Create an optimized, immersive experience for students using lessons learned from the pandemic


COVID changed the way we do pretty much everything, and there is no better example than higher education. Lockdowns and other restrictions mean students are accessing their education mostly through online courses with some face-to-face interaction. At the same time, enrollment dropped 3% in Fall 2020 when compared with Fall 2019, and enrollment continues to trend downward.


The changes wrought by the pandemic forced institutions of higher learning to take a close look at the way they do business. They realized they had to, and must continue to, adapt in order to remain financially viable.


In the future, the hybrid model will be further expanded to include everything offered by an institution, including services such as academic advisement and career counseling. The model will make institutions more centered on students, and this holistic shift will create the “hybrid campus.” Let’s take a look at the features of this shift and how it might be implemented.


The features of the hybrid campus


Many aspiring college students have difficulty finding a pathway to a degree that works with the rest of their life, and about three-quarters of undergraduates are considered “nontraditional college students.” Yesterday’s nontraditional student, however, is today’s traditional student – most are on their own when it comes to money, often caring for elderly parents or children, and full-time employees.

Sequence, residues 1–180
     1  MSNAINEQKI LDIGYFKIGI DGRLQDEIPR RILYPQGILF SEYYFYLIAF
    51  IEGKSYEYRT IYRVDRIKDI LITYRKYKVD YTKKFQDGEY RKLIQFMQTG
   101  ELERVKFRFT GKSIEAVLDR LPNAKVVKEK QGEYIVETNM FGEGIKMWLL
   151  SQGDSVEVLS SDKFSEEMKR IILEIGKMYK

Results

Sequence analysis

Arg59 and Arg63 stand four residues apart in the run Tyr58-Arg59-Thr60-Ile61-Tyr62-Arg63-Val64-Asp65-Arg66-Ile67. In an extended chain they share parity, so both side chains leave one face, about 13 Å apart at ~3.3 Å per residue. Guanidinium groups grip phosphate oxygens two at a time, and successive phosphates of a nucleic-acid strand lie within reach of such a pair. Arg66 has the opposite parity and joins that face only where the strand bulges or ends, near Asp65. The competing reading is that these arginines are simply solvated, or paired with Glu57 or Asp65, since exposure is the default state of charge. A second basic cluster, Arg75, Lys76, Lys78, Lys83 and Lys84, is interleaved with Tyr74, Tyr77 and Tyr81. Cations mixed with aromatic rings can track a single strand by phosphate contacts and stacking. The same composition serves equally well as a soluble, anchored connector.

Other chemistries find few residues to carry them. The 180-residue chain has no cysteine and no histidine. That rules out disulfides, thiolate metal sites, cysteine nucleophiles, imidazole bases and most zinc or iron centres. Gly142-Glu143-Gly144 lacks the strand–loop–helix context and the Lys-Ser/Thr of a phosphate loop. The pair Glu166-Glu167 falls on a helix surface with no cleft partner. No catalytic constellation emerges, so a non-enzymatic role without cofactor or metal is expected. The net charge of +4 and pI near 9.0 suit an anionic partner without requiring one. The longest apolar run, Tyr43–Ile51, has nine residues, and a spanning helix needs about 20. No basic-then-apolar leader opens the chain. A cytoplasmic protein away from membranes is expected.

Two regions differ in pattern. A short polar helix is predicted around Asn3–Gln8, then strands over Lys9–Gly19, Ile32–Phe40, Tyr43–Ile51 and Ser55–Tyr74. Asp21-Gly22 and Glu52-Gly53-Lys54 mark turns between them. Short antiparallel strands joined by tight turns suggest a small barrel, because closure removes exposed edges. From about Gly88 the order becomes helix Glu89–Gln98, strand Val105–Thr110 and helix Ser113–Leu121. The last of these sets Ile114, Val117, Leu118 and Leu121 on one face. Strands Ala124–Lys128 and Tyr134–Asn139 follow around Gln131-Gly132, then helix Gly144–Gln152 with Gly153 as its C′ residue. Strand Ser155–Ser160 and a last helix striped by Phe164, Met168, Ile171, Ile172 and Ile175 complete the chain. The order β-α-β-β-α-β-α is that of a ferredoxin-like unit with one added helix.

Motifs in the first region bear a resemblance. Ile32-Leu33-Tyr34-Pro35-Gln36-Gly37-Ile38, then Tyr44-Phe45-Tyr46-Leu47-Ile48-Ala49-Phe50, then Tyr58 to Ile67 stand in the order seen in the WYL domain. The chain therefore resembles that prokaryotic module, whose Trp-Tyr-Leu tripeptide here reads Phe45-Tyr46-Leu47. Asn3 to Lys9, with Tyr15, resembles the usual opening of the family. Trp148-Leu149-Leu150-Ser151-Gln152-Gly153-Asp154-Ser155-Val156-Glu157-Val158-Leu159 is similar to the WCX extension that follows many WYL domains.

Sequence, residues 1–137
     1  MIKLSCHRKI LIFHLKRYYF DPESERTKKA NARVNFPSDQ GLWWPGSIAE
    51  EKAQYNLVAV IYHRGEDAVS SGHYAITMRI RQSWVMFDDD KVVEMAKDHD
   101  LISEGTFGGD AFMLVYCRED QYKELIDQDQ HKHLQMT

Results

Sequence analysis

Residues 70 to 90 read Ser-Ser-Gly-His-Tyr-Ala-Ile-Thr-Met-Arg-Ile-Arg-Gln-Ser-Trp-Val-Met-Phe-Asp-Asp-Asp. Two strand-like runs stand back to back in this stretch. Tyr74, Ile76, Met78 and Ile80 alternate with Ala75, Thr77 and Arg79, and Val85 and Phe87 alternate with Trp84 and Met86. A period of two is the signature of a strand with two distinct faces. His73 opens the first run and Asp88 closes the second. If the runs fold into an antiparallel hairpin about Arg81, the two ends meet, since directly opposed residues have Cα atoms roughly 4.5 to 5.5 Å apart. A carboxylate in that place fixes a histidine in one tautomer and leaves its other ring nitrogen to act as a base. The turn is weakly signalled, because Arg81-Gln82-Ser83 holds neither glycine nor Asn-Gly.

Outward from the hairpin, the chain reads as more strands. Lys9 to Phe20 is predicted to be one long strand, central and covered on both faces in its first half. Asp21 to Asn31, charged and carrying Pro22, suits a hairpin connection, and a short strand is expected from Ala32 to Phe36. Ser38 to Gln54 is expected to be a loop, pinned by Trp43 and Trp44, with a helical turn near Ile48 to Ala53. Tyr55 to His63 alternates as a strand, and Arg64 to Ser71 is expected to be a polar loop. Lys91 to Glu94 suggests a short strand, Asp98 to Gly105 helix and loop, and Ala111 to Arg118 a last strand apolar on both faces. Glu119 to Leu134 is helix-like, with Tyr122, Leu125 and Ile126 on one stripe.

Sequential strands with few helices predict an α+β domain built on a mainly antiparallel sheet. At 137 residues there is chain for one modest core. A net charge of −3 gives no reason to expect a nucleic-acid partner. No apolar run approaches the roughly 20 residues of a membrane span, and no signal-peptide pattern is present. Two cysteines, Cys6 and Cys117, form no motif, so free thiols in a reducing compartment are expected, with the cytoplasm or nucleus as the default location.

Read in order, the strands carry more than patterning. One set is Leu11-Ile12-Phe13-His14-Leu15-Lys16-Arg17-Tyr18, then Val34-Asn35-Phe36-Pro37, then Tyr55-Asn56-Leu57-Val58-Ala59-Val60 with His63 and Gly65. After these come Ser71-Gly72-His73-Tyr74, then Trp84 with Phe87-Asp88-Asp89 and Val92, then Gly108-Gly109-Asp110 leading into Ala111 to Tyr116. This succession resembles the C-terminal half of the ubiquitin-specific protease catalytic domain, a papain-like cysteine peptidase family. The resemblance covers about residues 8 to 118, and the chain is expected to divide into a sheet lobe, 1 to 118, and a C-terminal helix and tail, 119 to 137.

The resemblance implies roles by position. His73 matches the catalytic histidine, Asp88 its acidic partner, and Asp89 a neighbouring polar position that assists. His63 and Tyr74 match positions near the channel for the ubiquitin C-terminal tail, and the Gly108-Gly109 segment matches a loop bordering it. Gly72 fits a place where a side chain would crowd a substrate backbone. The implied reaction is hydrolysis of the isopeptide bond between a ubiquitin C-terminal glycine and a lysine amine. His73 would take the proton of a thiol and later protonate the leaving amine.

This means that few students can focus just on their education due to responsibilities outside the classroom. The hybrid campus will go far to make college fit into these students’ lives through increased flexibility, making a college education possible for anyone who wants to undertake it. 


Technology enables the hybrid campus, making it an immersive digital experience that merges the online and real worlds. Rather than focusing simply on hybrid classroom instruction, it can bring students everything offered by that institution with a blended online/face-to-face approach.


The hybrid campus has been compared to the current retail model, which leverages both brick-and-mortar stores with an e-commerce site. Almost everything available in the store is also available online, for a seamless experience.


But technology is one thing. There’s a fundamental need for institutional leaders to embrace, embody, and evangelize a new operational and cultural framework that will move this model forward. Much was learned in the last 18 months, when the emphasis was on triage rather than a strategic approach.


Going back to the retail model, a hybrid campus requires a cohesive experience online and off. Institutions must decide when the best experience is delivered face-to-face and when online delivery is more effective. 


Reimagining the experience: Creating the hybrid campus


The pandemic taught institutions of higher learning that their tried-and-true legacy framework could be restructured to support students as the world and education moved online.


The transition to a hybrid campus means reworking how things are done in three key areas: 


The academic portfolio
The campus workforce, work, and workplace
The student experience

Reconsidering the academic portfolio


As of July 2021, 75% of college students want either in-person or hybrid learning. What is delivered in each instance should be part of your strategy. Should face-to-face meetings concentrate on experiential learning and classroom material delivered online?